How Do I Know if I Can Trust My Desires in Discernment?

(Learn to Discern, Principle #13)

One of the most frequent issues that arises almost every time I talk about discernment is the role of personal desire in spiritual and practical discernment.

It might take the form of, “how do I know that this is what God wants and not just what I want?” or “I really want x, and so it’s probably not what I should do,” or, “I have always wanted to do y, but that’s irrelevant, right?”

Is personal desire something that belongs in discernment? Or is it the kind of thing that we should just disregard because it’s a massive distraction from what is really meant to be happening? How do I know if I can trust my desire?

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How Do I Know if I’m Actually Open to Hearing God? (Part II)

(Learn to Discern, Principle #12)

Most of us, at one time or another, have found ourselves caught in the loop of wondering: is God speaking to me? Am I hearing correctly? Or am I hearing only what I want to hear? How do I know if I’m actually open to what God has to say?

Part I considered how our openness to God isn’t necessarily tied to any particular emotional feeling, but rather has to be understood in the context of our lives as a whole. How we live indicates how much weight our deeper desires should carry in the process of our discernment which unfolds in conversation with God.

The question “am I truly open to hearing God?” can only be answered in light of the more fundamental question: do I live like I’m open to God? Because how we live determines if we make space for God regularly. We’re usually open to hearing God if we’re leading a listening kind of life.

How do we know if we’re leading a listening kind of life?

Here’s what it entails:

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How Do I Know if I’m Actually Open to Hearing God? (Part I)

(Learn to Discern, Principle #12)

Have you ever found yourself asking God to speak to you, while hoping He’ll only say one particular thing?

“God do you want me to take this new job? Please say yes.”

But then you worry that your desire for only one answer makes you not really open to listening?

“I know it could be not the right job, but it’d be really great if it were the right job so… yes?”

You’re in a spot where you want to “be open,” but you don’t really feel open. You feel like you know what you want to hear.

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Acknowledge What You Are

(Learn to Discern,  Principle #12)

“God has a plan for your life!”

How many times have you heard this proclaimed? At church, on retreat, by some street evangelist – it’s a phrase we get used to hearing. But it’s a phrase that’s easily misunderstood.

Sometimes, we think that God having a plan for our lives means that we don’t need to make one. (“If you want to make God laugh, tell Him your plans!” is another Christian classic.)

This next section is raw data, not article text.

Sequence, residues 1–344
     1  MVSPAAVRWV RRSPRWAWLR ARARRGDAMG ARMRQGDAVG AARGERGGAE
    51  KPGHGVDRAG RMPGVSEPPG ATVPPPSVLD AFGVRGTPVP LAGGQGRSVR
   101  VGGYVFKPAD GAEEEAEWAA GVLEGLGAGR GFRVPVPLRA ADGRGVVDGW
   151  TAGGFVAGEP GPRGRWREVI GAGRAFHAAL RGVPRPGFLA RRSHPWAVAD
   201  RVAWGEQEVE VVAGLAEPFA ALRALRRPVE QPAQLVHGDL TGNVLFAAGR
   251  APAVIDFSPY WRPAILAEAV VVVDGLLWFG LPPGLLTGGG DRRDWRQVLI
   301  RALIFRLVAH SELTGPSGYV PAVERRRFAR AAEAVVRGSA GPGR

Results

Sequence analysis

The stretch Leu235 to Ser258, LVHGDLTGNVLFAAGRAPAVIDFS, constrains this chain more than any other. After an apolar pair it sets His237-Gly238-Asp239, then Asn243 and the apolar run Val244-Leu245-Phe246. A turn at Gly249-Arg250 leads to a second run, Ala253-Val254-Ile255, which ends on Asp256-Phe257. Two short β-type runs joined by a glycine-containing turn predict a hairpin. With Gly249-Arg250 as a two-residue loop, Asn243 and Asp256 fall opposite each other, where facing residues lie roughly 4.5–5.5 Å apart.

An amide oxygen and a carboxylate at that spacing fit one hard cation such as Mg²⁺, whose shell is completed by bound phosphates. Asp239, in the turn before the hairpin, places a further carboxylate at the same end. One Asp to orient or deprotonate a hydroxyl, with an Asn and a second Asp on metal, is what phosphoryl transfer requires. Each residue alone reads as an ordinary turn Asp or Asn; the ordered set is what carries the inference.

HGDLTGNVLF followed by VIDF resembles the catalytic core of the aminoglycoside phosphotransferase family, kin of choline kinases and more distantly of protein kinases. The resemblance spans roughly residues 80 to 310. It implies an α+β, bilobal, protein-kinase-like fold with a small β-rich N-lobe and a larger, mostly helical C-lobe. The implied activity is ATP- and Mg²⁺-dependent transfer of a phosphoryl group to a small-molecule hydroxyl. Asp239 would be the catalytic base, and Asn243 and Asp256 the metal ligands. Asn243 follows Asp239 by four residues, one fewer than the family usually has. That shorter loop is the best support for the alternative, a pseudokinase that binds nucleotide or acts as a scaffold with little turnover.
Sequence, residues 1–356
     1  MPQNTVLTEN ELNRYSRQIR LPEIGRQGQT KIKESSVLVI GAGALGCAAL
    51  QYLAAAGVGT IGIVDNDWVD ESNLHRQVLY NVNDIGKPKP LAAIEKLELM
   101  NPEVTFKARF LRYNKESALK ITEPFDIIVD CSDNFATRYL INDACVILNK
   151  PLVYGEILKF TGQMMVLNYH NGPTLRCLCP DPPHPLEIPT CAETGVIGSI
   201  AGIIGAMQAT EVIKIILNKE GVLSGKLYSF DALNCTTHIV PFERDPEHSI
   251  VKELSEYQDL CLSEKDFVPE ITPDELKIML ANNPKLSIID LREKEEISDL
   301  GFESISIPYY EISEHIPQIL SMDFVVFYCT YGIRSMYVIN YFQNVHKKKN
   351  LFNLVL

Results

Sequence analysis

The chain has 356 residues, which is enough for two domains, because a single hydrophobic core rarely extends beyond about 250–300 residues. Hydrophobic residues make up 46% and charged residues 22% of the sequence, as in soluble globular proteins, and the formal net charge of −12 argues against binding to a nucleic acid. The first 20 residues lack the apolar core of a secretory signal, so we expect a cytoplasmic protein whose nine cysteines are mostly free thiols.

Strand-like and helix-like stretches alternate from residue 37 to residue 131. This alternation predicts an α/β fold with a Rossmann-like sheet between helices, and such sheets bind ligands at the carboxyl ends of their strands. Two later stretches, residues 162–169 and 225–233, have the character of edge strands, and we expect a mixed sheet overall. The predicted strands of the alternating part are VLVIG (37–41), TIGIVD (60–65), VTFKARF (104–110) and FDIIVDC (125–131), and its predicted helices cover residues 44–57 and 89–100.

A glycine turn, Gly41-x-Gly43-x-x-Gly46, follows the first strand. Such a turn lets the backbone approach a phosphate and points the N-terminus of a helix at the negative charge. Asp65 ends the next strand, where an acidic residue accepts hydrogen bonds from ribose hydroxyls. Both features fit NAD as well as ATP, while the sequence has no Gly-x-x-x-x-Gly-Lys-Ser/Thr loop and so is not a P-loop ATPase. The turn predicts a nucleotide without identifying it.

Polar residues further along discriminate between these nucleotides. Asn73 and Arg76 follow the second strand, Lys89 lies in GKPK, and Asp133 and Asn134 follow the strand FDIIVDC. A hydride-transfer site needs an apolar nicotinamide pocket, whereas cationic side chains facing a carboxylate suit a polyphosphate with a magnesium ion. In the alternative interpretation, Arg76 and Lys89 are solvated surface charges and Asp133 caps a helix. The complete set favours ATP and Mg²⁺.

Sometimes, we think that if we make plans for our lives, God will automatically have something else in mind – as though He wills the opposite of what we want, simply to be contrarian.

But the truth is that God is not a contrarian. God is a God of love. A God who offers us a multiplicity of goods in the created world. There are simply so many good things for us to choose from when it comes to living our lives. We don’t have to be afraid of choosing something good, and we don’t have to be afraid of choosing something that might not be the very best thing in all the universes of possibilities.

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Fear Is a False Friend

(Learn to Discern, Principle #11)

An American friend of mine once found herself engaged in a conversation about family pastimes in Italian. “My mother gardens,” said one girl; “my sister paints,” offered another. “My father makes fruit preserves!” my friend joined in, enthusiastically. “Peach, strawberry, all different kinds,” she continued, slightly oblivious to the growing silence around the table. “The whole family helps, every summer!”

Finally, one of the older women at the table quietly asked her to clarify. “Fruit preserves!” My friend said again, in Italian. Noticing the shocked look on everyone’s faces, she stepped into the kitchen to get a jar of jam. Holding it up, she repeated triumphantly, “fruit preserves! See?”

The Italians then very kindly explained that “preservativi” in Italian does not mean “preserves.” It means “condoms.”

Talk about a learning experience.

Speaking the language through trial and error led my friend to discover “false friends”: words that sound similar in two languages but in fact mean very different things.

“False friends” are dangerous when learning languages, but they show up when we are learning to discern, too. They masquerade as something helpful, so we use them eagerly. Unknown to us, though, they are leading us away from our true purpose.

Fear is a false friend.

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